Freakity Frack, or Catbite!

Here’s a little Public Service Announcement, so if you are not so inclined to follow my little rant, just move along.  Nothing to see here, people.

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The subject is rabies vaccinations, or in this case, lack of a current one.  In the veterinarian’s office where I work, we have a reminder system, like most offices, in which we send out reminder postcards to our clients to REMIND them to update their pet’s vaccinations.  It’s an ohsoclever little system involving a piece of card stock, some ink in the printer, and a postcard stamp.  Hardly brain surgery, except unless we are reminding the owner to bring their pet in for brain surgery.  Generally, we don’t encourage brain surgery, but there is always the special owner who perhaps does need a brain transplant themselves.  Hey, take my brain, I’m not using it right now.

This fascinating saga began yesterday afternoon when a woman presented her cat wrapped in a blankie, not in a crate.  Even though there were dogs in the lobby, the womanwithcat waltzes in without an appointment.  (Is there a catcrate thief in this town?  Is that why no one uses a cat containment system?  You just wouldn’t believe the number of cats that show up crateless.)  It seems that the cat hadn’t been eating and wasn’t feeling well, and the exam showed that the cat had some fleas and some flea allergy-type dermatitis. (Remember Precious Paisley?)  The paper file also showed the cat was due for a rabies vaccination, but the vet elected to decline the rabies vaccination because he says he doesn’t like to give a vaccination to an animal that appears unwell, in case of vaccine reaction.  I, however, did not know that the rabies vaccination was not up-to-date because I was diddling around with something else in another part of the office.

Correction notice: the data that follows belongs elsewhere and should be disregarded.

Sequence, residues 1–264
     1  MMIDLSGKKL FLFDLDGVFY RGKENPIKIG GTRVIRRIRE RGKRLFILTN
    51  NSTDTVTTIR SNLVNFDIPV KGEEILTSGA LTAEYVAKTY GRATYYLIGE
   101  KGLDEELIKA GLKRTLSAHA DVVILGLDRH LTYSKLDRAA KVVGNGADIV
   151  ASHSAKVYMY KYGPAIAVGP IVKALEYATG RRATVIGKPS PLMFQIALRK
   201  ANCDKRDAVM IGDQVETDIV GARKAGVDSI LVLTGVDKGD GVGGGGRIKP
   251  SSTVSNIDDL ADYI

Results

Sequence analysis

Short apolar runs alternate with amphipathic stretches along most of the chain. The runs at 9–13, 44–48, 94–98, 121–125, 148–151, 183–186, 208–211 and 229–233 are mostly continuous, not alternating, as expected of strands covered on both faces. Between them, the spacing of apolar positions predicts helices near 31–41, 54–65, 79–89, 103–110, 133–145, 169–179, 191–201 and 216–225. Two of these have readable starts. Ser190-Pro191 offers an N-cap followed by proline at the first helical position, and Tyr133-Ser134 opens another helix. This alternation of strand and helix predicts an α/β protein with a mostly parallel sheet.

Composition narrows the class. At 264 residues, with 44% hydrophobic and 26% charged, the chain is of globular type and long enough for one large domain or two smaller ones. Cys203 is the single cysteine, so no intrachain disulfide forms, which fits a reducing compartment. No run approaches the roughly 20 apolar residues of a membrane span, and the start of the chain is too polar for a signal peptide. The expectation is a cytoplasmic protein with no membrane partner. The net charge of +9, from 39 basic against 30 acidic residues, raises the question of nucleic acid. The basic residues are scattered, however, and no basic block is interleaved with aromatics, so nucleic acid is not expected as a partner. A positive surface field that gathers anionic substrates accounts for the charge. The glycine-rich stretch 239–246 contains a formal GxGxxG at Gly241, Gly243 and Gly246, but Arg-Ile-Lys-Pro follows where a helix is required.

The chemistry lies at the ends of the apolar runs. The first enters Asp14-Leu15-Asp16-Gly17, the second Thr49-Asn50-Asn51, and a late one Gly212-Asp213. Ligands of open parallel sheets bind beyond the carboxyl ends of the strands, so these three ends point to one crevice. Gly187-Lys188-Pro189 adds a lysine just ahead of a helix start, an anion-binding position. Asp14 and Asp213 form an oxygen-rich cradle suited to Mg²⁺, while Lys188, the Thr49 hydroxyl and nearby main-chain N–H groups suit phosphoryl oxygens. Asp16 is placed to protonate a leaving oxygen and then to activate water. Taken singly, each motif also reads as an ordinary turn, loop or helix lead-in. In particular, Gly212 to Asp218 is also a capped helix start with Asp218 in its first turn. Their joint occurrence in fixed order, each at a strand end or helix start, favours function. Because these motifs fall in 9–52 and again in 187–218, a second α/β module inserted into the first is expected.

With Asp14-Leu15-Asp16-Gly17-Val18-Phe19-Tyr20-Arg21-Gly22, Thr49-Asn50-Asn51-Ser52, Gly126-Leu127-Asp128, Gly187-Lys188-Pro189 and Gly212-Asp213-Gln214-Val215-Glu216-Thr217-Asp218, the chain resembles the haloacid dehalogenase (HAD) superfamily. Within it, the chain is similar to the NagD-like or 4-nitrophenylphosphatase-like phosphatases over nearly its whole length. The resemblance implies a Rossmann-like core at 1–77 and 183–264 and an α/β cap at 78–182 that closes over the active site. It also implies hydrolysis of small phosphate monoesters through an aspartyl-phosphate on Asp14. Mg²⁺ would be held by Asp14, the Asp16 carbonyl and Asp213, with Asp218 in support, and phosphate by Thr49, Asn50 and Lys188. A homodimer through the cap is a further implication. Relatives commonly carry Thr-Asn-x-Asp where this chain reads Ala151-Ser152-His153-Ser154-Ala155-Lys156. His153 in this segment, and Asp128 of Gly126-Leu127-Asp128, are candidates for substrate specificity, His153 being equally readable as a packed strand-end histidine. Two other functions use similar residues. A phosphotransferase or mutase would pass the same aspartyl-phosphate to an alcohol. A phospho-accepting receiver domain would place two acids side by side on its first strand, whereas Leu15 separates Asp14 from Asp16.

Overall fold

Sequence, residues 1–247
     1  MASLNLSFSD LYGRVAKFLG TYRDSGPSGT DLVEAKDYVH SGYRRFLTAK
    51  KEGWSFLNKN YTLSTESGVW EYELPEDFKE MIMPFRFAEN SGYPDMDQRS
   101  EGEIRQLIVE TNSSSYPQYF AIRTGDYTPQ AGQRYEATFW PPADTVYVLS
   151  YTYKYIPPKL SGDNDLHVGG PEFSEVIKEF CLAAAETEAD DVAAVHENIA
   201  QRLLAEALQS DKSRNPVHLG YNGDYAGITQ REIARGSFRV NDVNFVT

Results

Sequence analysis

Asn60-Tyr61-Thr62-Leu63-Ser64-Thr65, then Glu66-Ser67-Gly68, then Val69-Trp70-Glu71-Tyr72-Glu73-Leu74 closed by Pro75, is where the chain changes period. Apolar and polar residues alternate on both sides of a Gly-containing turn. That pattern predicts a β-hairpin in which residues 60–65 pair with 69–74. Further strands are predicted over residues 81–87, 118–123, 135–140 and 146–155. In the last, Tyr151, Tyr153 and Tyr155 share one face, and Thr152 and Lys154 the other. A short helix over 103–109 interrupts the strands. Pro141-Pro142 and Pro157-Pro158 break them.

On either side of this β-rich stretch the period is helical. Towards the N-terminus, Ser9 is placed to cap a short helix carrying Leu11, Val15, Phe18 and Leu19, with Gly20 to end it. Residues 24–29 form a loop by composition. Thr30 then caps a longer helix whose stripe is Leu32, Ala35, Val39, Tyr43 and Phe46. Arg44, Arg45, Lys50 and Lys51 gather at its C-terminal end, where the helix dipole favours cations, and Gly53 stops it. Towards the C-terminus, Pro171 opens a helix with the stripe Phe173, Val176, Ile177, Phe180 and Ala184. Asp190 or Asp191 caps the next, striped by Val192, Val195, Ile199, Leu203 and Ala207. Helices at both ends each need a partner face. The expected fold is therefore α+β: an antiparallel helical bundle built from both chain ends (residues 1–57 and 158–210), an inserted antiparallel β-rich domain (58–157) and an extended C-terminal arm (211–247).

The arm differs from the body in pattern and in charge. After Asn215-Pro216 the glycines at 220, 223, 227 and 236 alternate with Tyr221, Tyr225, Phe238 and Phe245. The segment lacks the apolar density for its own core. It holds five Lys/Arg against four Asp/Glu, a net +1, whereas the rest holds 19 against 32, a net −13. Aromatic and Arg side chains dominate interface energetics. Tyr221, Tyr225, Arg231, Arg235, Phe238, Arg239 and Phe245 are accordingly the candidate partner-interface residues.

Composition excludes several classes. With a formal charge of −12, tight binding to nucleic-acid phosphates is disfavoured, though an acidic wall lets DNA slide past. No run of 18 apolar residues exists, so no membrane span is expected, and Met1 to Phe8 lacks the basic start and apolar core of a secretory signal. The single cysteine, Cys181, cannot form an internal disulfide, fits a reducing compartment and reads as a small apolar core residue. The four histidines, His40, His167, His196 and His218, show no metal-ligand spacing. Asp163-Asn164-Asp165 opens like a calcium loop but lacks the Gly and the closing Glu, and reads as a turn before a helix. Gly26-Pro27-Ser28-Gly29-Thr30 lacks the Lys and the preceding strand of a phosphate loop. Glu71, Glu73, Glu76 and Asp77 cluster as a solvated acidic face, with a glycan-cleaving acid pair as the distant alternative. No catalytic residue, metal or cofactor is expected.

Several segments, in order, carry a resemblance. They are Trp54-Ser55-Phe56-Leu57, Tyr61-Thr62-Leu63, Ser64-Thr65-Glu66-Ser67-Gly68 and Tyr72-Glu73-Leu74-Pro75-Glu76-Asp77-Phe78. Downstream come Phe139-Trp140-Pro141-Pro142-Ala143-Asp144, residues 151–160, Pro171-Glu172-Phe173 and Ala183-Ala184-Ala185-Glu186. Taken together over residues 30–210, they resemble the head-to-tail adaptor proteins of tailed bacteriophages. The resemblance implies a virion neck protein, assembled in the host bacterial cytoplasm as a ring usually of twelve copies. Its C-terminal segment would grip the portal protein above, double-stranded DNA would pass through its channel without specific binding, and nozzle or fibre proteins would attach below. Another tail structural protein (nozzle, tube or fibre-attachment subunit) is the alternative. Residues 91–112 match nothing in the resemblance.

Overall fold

So the vet elects to give the cat a bath to combat the fleas and to soothe her scabby skin.  I assisted, and the cat was bathed without incident.  The vet wrapped her in a towel and placed her into a stainless steel condo typical of the type found in many veterinary offices, while I fetched some more dry towels.  Picture this:  little kitty has been subjected to the indignity of a bath, then placed soaking wet into a metal box which is shiny, cold, and loud.  When I attempted to retrieve a wet towel from around the cat, she bit.  Not too hard, but hard enough to break the skin, and therein lies the issue.

The state of SC says that all domestic dogs and cats must be vaccinated yearly for rabies.  If a bite happens and medical help is sought, the Department of Health and Environmental Control must be contacted, and the animal has to be quarantined and observed for signs of rabies for a period of time, usually about 10 days.  Truly, when an animal has been vaccinated with a one-year rabies vaccination, the vaccination does not cease to work 365 days later.  It is claimed by some that the vaccination is still at work years later, and the case has been argued that people don’t get vaccinations every year, right?  We are vaccinated as children and then – case closed.  No more vaccinations, unless your tetanus shot is outdated and you step on a rusty nail or perhaps place your hand into a rusty cat’s mouth.  Just sayin’.